Enteroviruses are very common viruses; there are more than 100 types. It is estimated that 10 to 15 million enterovirus infections occur in the United States each year. Symptoms of EV-D68 infection can include wheezing, difficulty breathing, fever and racing heart rate. Most people infected with enteroviruses have no symptoms or only mild symptoms, but some infections can be serious requiring hospitalization. Enteroviruses are transmitted through close contact with an infected person, or by touching objects or surfaces that are contaminated with the virus and then touching the mouth, nose, or eyes. There is no specific treatment for EV-D68 infections but supportive care can be provided.

Young residents with asthma are encouraged to be vigilant in taking their asthma controlling medications. Further, Michiganders can protect themselves from enterovirus by taking general hygiene precautions:

  • Wash hands often with soap and water for 20 seconds, especially after changing diapers.
  • Avoid touching eyes, nose and mouth with unwashed hands.
  • Avoid kissing, hugging, and sharing cups or eating utensils with people who are sick.
  • Disinfect frequently touched surfaces, such as doorknobs, especially if someone is sick.

Additional information about human EV-D68 can be found in today’s CDC Morbidity and Mortality Weekly Report:

Massachusetts | Second human case of West Nile virus announced

The Massachusetts Department of Public Health (DPH) today announced the second human case of West Nile virus (WNV) in the state this year. The woman is a resident of Middlesex County in her 40’s who was hospitalized, but has been released and is recovering.

This finding raises the risk level to “Moderate” in the following communities: Melrose, Reading, Saugus, Stoneham, Wakefield, Winchester and Woburn.

“While cooler weather reduces mosquito activity, risk for mosquito-borne illness remains a concern until the first hard overnight frost,” said State Public Health Veterinarian Dr. Catherine Brown. “Residents need to continue to take steps to protect themselves against mosquito bites: use insect repellant, cover up, and avoid outdoor activities at dusk and after nightfall when mosquitoes are at their most active.”

This is the second human case of WNV in the state this year. In 2013, there were eight human cases of WNV infection identified in Massachusetts. While WNV can infect people of all ages, people over the age of 50 are at higher risk for severe disease. WNV is usually transmitted to humans through the bite of an infected mosquito. Most people infected with WNV will have no symptoms. When present, WNV symptoms tend to include fever and flu-like illness. In rare cases, more severe illness can occur.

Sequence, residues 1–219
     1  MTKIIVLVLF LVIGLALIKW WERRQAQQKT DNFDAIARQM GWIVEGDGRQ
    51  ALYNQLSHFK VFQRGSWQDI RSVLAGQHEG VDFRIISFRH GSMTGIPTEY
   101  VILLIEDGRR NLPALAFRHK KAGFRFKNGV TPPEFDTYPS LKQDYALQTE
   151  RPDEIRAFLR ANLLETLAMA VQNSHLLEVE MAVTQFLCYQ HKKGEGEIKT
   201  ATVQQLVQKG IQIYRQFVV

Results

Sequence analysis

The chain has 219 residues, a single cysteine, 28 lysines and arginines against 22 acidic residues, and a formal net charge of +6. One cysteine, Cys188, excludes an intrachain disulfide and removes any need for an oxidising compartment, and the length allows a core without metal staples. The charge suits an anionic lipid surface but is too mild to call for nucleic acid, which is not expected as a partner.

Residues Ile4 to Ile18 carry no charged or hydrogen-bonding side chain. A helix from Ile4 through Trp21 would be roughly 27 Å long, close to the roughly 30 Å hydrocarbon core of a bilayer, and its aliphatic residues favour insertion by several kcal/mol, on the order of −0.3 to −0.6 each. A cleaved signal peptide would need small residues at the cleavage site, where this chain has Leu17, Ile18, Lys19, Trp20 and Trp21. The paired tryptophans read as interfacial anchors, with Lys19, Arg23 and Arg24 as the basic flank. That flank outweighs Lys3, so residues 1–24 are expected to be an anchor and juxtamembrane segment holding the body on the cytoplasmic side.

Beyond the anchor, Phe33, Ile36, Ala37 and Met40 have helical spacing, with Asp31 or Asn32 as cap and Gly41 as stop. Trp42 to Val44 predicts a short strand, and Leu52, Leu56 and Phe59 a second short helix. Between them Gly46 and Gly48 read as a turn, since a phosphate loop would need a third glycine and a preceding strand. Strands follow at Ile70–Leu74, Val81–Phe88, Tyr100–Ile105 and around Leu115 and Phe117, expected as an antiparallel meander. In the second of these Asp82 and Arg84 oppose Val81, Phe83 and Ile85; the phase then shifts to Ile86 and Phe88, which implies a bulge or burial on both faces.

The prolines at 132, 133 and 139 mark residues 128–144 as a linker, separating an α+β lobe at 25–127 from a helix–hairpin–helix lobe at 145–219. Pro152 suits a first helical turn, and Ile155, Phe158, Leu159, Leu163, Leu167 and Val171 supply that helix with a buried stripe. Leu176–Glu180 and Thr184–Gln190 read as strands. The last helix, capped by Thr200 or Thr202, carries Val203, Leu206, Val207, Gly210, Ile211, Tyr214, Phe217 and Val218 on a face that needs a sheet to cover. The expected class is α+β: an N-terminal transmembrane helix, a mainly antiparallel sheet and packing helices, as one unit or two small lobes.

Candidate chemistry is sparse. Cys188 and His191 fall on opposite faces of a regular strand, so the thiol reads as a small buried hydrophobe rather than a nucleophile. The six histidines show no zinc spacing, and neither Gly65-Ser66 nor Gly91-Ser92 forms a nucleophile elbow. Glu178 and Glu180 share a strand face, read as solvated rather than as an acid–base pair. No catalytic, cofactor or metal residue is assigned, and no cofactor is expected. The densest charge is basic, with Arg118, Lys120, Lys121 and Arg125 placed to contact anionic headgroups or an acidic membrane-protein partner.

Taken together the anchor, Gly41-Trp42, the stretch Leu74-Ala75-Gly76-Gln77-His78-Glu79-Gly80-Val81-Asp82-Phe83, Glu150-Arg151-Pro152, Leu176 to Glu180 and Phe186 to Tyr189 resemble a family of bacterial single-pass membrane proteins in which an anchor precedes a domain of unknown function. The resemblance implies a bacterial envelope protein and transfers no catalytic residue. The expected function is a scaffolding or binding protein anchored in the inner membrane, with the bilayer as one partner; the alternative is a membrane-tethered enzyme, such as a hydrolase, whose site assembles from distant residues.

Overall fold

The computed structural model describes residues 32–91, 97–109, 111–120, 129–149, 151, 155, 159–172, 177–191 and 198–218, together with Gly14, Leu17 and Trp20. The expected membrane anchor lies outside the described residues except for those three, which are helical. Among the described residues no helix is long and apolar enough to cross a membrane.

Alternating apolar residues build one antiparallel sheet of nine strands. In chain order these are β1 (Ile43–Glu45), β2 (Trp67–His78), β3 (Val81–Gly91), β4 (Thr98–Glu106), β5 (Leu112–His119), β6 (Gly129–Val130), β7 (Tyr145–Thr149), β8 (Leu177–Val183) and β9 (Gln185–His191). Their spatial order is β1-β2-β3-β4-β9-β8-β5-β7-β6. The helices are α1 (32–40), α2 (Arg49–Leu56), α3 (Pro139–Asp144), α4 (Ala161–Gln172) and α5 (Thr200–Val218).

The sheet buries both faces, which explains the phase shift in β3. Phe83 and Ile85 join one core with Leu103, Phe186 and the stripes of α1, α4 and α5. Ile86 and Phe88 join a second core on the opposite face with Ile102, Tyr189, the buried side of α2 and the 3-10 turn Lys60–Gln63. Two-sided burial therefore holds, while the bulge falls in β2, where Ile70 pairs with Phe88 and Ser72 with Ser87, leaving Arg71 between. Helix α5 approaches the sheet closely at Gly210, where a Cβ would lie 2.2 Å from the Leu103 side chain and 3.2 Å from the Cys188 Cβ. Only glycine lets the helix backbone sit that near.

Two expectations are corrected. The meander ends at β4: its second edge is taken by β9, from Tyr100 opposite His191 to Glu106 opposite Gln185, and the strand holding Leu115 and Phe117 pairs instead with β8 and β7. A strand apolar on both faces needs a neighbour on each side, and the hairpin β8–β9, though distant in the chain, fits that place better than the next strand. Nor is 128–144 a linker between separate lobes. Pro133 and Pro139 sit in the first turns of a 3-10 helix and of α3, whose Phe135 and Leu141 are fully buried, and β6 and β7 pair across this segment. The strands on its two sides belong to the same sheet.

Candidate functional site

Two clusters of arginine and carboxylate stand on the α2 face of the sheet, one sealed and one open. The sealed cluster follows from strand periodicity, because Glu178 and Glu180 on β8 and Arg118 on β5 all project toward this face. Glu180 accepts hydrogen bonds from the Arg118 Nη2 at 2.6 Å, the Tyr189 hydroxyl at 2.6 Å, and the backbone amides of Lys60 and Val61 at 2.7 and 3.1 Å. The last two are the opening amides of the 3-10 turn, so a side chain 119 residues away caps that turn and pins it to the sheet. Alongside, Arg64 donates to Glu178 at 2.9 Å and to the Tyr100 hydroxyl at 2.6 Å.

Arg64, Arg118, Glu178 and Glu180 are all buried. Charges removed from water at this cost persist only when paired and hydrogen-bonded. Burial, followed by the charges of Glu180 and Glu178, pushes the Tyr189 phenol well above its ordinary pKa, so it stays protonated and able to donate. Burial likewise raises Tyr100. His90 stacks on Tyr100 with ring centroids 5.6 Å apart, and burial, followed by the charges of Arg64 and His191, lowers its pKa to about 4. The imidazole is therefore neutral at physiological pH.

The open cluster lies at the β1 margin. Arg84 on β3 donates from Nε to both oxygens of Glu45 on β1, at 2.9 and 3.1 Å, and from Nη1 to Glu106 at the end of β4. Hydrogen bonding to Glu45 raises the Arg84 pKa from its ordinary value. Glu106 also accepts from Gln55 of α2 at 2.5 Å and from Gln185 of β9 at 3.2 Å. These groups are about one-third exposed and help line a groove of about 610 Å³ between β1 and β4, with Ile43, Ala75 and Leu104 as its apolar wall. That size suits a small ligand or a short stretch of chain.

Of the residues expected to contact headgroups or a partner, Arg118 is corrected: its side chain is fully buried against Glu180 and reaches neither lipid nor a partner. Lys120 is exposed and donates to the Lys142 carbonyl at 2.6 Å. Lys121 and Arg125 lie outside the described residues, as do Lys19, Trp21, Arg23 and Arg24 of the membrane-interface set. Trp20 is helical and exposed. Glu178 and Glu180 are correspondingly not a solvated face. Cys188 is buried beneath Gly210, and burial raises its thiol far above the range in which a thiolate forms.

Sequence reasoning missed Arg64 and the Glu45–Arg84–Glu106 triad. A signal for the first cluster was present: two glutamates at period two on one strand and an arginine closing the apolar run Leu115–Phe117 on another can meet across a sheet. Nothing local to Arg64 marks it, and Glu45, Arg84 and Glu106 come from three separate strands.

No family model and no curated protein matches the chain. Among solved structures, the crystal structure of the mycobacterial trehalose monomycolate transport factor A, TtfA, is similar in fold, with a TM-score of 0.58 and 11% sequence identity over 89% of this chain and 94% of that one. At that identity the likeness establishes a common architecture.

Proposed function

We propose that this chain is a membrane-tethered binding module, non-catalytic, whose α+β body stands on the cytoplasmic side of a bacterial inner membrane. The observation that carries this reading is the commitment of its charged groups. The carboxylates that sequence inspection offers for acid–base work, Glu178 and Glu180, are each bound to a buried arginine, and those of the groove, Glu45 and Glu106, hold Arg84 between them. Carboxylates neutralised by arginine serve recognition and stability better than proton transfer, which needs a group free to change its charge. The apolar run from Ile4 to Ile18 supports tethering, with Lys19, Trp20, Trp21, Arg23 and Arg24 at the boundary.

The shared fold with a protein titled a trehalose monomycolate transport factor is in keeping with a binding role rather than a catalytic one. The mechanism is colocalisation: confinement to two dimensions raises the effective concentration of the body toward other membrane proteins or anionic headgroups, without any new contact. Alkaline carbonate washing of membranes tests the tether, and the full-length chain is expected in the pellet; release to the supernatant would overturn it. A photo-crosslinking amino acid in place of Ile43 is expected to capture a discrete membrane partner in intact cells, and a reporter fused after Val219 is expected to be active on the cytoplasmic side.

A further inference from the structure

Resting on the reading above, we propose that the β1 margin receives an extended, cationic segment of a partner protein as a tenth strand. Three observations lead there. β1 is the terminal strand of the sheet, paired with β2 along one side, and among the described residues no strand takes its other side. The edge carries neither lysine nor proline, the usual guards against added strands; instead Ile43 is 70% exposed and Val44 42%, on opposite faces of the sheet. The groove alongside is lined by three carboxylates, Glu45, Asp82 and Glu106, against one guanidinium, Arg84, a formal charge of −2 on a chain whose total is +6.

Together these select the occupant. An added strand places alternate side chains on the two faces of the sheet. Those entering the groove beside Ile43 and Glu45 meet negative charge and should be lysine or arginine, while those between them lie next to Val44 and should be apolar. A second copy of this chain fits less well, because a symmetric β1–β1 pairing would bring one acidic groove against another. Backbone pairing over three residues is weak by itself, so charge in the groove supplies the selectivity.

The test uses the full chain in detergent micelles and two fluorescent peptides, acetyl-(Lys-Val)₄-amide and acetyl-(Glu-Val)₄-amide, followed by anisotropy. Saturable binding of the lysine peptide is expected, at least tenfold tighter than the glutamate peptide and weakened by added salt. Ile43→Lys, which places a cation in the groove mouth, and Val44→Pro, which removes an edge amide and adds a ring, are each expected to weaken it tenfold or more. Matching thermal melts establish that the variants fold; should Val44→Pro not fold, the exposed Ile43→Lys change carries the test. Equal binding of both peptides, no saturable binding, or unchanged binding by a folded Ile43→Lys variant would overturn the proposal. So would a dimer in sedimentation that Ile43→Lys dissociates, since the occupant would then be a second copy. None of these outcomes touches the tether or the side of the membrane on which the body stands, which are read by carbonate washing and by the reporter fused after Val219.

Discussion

People have an important role to play in protecting themselves and their loved ones from illnesses caused by mosquitoes.

Avoid Mosquito Bites

Apply Insect Repellent when Outdoors. Use a repellent with DEET (N, N-diethyl-m-toluamide), permethrin, picaridin (KBR 3023), oil of lemon eucalyptus [p-methane 3, 8-diol (PMD)] or IR3535 according to the instructions on the product label. DEET products should not be used on infants under two months of age and should be used in concentrations of 30% or less on older children. Oil of lemon eucalyptus should not be used on children under three years of age.

Be Aware of Peak Mosquito Hours. The hours from dusk to dawn are peak biting times for many mosquitoes. Consider rescheduling outdoor activities that occur during evening or early morning.

Clothing Can Help Reduce Mosquito Bites. Wearing long-sleeves, long pants and socks when outdoors will help keep mosquitoes away from your skin.

Mosquito-Proof Your Home

Drain Standing Water. Mosquitoes lay their eggs in standing water. Limit the number of places around your home for mosquitoes to breed by either draining or discarding items that hold water. Check rain gutters and drains. Empty any unused flowerpots and wading pools, and change water in birdbaths frequently.

Install or Repair Screens. Keep mosquitoes outside by having tightly-fitting screens on all of your windows and doors.

Protect Your Animals

Animal owners should reduce potential mosquito breeding sites on their property by eliminating standing water from containers such as buckets, tires, and wading pools — especially after heavy rains. Water troughs provide excellent mosquito breeding habitats and should be flushed out at least once a week during the summer months to reduce mosquitoes near paddock areas. Horse owners should keep horses in indoor stalls at night to reduce their risk of exposure to mosquitoes. Owners should also speak with their veterinarian about mosquito repellents approved for use in animals and vaccinations to prevent WNV and EEE. If an animal is diagnosed with WNV or EEE, owners are required to report to DAR, Division of Animal Health by calling 617-626-1795 and to the Department of Public Health (DPH) by calling 617-983-6800.

More information, including all WNV and EEE positive results from 2013, can be found on the Arbovirus Surveillance Information web page at or by calling the DPH Epidemiology Program at 617-983-6800.

DPH has produced a series of 30-second videos on how to prevent mosquito and tick bites and the illnesses that can result. All videos can be found at Media outlets are encouraged to share these videos on their websites. Instructions on how to embed the videos into external websites are included on this webpage.

Louisiana | DHH testing confirms presence of Naegleria Fowleri ameba in St John Water District 1 water system

The Louisiana Department of Health and Hospitals (DHH) announced that its testing confirmed the presence of the Naegleria fowleri ameba in the St. John Water District 1 water system. This water system serves 12,577 people in the towns of Reserve, Garyville and Mt. Airy. There are no known cases of illness related to the ameba in St. John the Baptist Parish or elsewhere in the state currently.